Why pay tens of thousands in interest payments when that money could be spent on almost anything more exciting?
If you’re able to reduce the length of your mortgage term or make overpayments, the financial rewards could be huge.
Senior Mortgage Adviser for Natwest, Michael Gyapong, takes us through the top five ways to pay your mortgage off faster.
1. Shorten your repayment term
When calculating what you can afford to pay each month, mortgage lenders tend to use a standard repayment term of 25 years. But this is by no means set in stone.
So long as you can afford the higher monthly repayments, you can take out a mortgage for as little as five years. And the shorter the term you choose, the cheaper it will be overall.
For example, if you borrowed £200,000 over 25 years at an interest rate of 3%, your repayments would cost £948 a month. That means you’d pay £84,527 in interest back to the lender.
If you shortened the repayment term right down to five years, your monthly repayments would shoot up to £3,594. But the total interest you'd pay would be just £15,624.
‘A lot of homeowners don’t know that they can refinance their mortgage to a shorter term, so they can pay it off sooner', says Gyapong. 'Or make overpayments so that they reduce their balance earlier.
‘Many people use their disposable income to spend money on luxuries like takeaways or shopping.
‘But if that money was spent on their monthly mortgage payments instead, it could save tens of thousands of pounds in interest over the term of the mortgage.
‘I recently helped a first-time buyer who was looking at a 35-year mortgage term because they thought that’s what everybody does.
‘When we looked at their budget, we were able to reduce the term to 19 years and 11 months. That was without stretching their finances and leaving them with a comfortable spending budget each month.
‘It saved them £35,000 in interest - and that’s a lot of money.'
You can apply to reduce your mortgage term at any time, even if you’re tied into a fixed rate.
A small fee may be applicable and lenders may carry out affordability checks as part of your application, to make sure the new payments are affordable for you.
Do your sums and see what length of term you could afford. If you need help, contact an independent fees-free mortgage broker.
2. Pay back a little extra each month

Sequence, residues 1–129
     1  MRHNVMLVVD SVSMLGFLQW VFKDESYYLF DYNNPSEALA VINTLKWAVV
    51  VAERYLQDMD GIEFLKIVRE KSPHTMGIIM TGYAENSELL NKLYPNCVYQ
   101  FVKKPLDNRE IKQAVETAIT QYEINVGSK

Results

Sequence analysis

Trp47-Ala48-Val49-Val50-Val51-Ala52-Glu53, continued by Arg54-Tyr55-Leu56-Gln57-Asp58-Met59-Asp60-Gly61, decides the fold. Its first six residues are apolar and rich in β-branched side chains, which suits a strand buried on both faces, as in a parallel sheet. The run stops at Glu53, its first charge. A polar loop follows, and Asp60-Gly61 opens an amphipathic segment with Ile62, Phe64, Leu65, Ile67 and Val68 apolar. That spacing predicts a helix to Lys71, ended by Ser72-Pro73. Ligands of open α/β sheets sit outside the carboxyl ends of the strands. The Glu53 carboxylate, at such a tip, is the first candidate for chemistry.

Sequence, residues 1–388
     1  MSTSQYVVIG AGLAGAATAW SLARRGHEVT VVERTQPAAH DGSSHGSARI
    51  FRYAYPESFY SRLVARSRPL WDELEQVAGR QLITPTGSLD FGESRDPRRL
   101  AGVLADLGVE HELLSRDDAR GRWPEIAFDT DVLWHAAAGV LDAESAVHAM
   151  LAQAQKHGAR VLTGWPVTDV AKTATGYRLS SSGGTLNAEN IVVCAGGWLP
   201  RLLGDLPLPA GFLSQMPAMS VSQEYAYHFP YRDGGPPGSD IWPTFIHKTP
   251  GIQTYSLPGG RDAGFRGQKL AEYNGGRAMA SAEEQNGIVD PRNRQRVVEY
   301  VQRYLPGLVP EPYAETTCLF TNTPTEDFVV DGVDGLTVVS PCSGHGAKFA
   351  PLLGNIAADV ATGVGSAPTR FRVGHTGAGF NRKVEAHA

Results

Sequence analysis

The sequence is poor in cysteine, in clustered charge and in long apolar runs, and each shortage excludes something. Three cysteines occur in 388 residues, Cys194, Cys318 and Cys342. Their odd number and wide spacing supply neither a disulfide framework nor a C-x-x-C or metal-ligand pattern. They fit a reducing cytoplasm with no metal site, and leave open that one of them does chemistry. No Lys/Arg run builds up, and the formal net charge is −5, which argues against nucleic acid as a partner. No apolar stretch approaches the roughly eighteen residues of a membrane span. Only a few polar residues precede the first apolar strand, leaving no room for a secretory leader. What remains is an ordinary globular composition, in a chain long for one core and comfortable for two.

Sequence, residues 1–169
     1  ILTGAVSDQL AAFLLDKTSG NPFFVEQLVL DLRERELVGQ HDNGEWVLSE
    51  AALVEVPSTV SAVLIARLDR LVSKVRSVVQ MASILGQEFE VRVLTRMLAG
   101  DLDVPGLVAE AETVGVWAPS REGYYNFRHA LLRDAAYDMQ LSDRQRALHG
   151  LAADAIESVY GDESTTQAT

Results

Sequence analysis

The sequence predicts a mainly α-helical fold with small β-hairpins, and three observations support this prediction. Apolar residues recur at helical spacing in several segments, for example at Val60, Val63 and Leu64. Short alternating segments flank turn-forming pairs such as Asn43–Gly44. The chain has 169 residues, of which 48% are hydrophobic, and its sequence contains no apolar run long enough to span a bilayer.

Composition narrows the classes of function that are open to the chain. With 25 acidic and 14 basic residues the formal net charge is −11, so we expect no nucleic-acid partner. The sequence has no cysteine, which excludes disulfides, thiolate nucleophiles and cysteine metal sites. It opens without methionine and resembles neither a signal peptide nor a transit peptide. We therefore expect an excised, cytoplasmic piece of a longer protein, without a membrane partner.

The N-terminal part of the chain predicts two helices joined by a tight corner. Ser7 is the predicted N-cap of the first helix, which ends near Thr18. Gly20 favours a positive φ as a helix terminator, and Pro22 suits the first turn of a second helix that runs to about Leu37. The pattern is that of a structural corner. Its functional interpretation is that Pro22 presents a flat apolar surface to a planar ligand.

Upping the amount of your monthly mortgage direct debit – even by just a fraction – will also have the effect of shortening your mortgage term and reducing the total amount of interest you pay.
Most banks and building societies allow you to overpay up to 10% of your outstanding loan amount every year without penalty, even if you're locked into a fixed rate deal. Call your lender to find out more.
‘Customers who are not tied into a fixed rate can overpay without any charge,’ says Gyapong.
‘Savvy customers will use their 10% allowance and then, before fixing on a new deal, will make an additional overpayment before they secure a new rate, ensuring they don’t pay any additional charges.
‘This helps to pay off the mortgage balance quicker and can also potentially help to secure a cheaper interest rate.’
3. Pour in any financial windfalls
Instead of (or as well as) chipping away at your mortgage by overpaying a little each month, pour in any one-off lump sums such as a work bonus, share dividends or an inheritance.
It will have a similar effect when it comes to reducing the total amount of interest you pay.
You’ll need a fully flexible mortgage though, if you want to do this without penalty. This is because it will count as an overpayment, which standard mortgages tend to cap at 10% of your outstanding balance each year.
4. Consider an offset
Rather than pour it into your mortgage, you might prefer to keep hold of any savings pot for a rainy day. However, you can still use this cash to reduce your mortgage debt.
Offset deals take your total savings balance and effectively subtract it from your mortgage debt – only charging interest on the remainder.
For example, if you had a £200,000 mortgage and £20,000 in savings, you’d be charged interest on a balance of £180,000.
The long-term result of this arrangement is that you pay less interest overall and – even if you keep your monthly repayments the same – clear your debt faster.
Your savings will need to be held with the same bank or building society as your mortgage debt for the arrangement to work and you won’t earn interest on your savings.
But, compared with the amount you are saving in debt interest, it’s still very likely to make financial sense – especially when coupled with the fact you won’t be paying any tax on interest you would have otherwise earned.
5. Switch to a better mortgage deal
You don’t have to use your hard-earned cash at all to be rid of your mortgage debt quicker – you can simply ensure you’re paying the lowest interest rate possible.
That means shopping around when looking for your first mortgage, or when you come to the end of your current deal, such as a fix, discount or tracker.
Bear in mind that many of the lowest mortgage rates advertised come with the highest set-up fees, so be sure to factor these in.
‘Mortgage products with fees reduce the interest rate charged,’ says Gyapong. ‘But depending on the mortgage balance and the interest saved, it may not always be cost effective to take out a fee-paying product.
‘Remember, if you choose to add the cost of the fee to your mortgage to help you secure a cheaper rate, you'll also pay interest on the fee amount.’
Even though you're already a homeowner, your credit score will still be considered when you apply for a new mortgage, so it's wise to keep yours in check.